Smiles Laughter Total surprise
We can forget the world is burning because some
celebrity wore a rabbit suit
There’s a joy in the narrative here — which isn’t the same thing as being happy, or naïve, or ignorant. But as Hirsi herself said at the launch of these chapbooks: we must find joy in the moment; it’s all we have left. Her poems offer little moments of joy — while still always acknowledging, even drawing their main force from, the fact that the world is indeed burning. As she asks at the end of another poem:
How do we find a happy ending
if we are the villains unable to flee
our own nature
Edyka Chilomé answers that disquieting question with the idea that joy is a profound act of resistance. Her work El Poemario del Colibrí/The Hummingbird Poems is explicitly founded on an unfettered joy she discovered within herself while grappling with the rage she feels as an artist, an activist, and as a descendent trying to reracinate herself in the soil of her ancestors. In choosing to write bilingually — as her title with its duality suggests — the poet intentionally works to build a bridge between generations forced apart by the vagaries, victories, and viciousness of history. She wants her narrative to resonate with and be accessible to both Anglophones robbed of their native past as well as Hispanophones who’ve suffered the same fate, all while encouraging their children to assimilate into “American” culture without losing themselves entirely.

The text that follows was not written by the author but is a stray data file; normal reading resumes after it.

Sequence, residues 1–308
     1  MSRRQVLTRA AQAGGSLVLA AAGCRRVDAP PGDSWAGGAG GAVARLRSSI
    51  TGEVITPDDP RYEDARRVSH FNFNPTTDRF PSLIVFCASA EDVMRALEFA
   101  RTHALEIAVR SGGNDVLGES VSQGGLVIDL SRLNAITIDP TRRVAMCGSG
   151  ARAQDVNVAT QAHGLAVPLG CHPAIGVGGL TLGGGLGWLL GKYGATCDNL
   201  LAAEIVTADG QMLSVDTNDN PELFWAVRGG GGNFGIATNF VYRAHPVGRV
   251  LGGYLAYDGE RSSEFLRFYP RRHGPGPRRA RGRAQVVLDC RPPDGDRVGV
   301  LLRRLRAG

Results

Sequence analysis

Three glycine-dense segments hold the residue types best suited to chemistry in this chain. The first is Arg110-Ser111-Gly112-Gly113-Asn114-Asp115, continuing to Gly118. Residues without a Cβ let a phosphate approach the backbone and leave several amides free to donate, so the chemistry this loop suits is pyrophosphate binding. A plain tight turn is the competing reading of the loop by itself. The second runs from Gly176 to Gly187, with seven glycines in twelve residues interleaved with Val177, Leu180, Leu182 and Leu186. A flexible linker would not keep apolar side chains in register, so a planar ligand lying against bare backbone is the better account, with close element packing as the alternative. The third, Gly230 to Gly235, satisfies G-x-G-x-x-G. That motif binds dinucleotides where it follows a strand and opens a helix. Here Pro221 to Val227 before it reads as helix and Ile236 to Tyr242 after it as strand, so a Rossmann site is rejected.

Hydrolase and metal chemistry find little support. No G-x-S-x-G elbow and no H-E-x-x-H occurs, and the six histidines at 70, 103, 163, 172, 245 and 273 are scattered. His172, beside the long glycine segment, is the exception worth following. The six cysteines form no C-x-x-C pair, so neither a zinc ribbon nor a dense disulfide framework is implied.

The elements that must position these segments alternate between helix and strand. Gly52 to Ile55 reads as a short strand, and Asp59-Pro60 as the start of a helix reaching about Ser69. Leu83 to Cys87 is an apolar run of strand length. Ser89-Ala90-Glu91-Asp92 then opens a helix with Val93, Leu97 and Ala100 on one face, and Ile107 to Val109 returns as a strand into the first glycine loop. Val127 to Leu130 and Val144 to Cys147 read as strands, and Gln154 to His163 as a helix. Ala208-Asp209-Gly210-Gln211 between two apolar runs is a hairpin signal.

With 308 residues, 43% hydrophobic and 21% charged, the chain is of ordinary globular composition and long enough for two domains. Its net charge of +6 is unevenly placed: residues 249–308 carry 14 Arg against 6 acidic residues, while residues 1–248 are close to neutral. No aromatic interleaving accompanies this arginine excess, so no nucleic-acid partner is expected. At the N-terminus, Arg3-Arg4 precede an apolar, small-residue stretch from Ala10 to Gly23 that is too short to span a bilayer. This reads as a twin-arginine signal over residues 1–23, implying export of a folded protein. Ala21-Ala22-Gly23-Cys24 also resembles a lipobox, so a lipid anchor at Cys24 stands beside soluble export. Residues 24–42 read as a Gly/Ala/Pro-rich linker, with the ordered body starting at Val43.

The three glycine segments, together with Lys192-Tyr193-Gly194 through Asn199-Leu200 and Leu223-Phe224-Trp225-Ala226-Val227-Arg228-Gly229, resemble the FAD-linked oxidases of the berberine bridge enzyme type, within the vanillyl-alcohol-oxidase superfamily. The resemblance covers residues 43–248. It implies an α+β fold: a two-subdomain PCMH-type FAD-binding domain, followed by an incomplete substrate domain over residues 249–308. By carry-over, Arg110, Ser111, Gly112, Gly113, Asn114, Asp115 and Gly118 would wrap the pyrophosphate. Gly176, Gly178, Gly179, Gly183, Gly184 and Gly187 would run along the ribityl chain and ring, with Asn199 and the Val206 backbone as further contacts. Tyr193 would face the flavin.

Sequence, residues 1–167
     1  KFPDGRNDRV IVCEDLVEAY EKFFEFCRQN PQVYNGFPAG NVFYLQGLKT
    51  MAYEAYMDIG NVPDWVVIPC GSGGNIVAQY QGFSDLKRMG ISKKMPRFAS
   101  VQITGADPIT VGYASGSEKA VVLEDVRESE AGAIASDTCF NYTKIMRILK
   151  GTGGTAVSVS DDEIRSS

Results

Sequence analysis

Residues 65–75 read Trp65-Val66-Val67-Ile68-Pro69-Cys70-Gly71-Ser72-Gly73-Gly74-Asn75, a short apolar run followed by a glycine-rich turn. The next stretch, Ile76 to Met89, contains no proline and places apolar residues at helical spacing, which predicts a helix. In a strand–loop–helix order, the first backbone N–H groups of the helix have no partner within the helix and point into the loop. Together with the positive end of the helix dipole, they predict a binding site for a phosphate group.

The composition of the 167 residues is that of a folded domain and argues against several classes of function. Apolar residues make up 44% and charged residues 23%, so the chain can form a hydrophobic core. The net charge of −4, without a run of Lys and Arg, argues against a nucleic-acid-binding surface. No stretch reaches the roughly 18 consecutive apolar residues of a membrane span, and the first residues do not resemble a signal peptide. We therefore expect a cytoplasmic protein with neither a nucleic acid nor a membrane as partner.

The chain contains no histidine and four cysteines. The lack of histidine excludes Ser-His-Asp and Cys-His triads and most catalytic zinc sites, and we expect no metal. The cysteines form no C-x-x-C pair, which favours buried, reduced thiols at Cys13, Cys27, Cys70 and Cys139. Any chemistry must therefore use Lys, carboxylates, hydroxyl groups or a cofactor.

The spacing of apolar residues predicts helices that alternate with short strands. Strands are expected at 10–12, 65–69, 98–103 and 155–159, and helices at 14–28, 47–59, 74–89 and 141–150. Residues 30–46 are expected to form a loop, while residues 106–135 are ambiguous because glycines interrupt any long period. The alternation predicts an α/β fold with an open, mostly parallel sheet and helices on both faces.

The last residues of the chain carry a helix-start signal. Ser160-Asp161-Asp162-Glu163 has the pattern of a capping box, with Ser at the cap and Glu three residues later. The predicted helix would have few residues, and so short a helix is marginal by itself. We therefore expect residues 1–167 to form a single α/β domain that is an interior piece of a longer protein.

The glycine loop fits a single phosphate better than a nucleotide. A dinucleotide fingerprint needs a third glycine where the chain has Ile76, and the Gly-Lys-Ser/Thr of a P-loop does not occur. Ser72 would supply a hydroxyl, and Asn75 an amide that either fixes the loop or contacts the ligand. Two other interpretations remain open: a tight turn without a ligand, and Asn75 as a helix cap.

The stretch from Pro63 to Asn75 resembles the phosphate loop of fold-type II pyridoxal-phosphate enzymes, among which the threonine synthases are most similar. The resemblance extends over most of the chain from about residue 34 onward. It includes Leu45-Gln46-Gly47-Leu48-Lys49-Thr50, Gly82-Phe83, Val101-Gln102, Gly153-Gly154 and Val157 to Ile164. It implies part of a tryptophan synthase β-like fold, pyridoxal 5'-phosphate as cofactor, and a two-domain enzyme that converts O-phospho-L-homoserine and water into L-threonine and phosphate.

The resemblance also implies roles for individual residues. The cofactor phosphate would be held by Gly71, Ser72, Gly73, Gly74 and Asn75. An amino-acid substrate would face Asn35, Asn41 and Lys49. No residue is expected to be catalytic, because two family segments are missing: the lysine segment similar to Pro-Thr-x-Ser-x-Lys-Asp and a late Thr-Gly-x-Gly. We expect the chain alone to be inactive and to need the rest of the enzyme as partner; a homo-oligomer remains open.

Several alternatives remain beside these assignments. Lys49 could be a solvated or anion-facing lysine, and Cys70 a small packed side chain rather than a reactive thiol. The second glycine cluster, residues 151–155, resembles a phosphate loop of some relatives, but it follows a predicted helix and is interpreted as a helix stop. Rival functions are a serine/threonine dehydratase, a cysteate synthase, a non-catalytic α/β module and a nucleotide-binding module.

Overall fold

Chilomé says in her epilogue: “Everything I write is a practice in contemplative discipline. I wrote this (book) mostly as a reminder to myself to practice the honoring of joy in an age where we are inundated with images and stories that numb us or keep us addicted to anger and sadness.” So where Hirsi draws on those “images and stories” and refuses to be numbed — and is instead enraged — Chilomé resists the temptation to be “addicted to anger and sadness” by writing. As one of her poems puts it:
of a bird
wise and tender
fierce and illuminated
By offering El Poemario del Colibrí/The Hummingbird Poems, the poet is arming her readers as well — with a constant song of joy as resistance.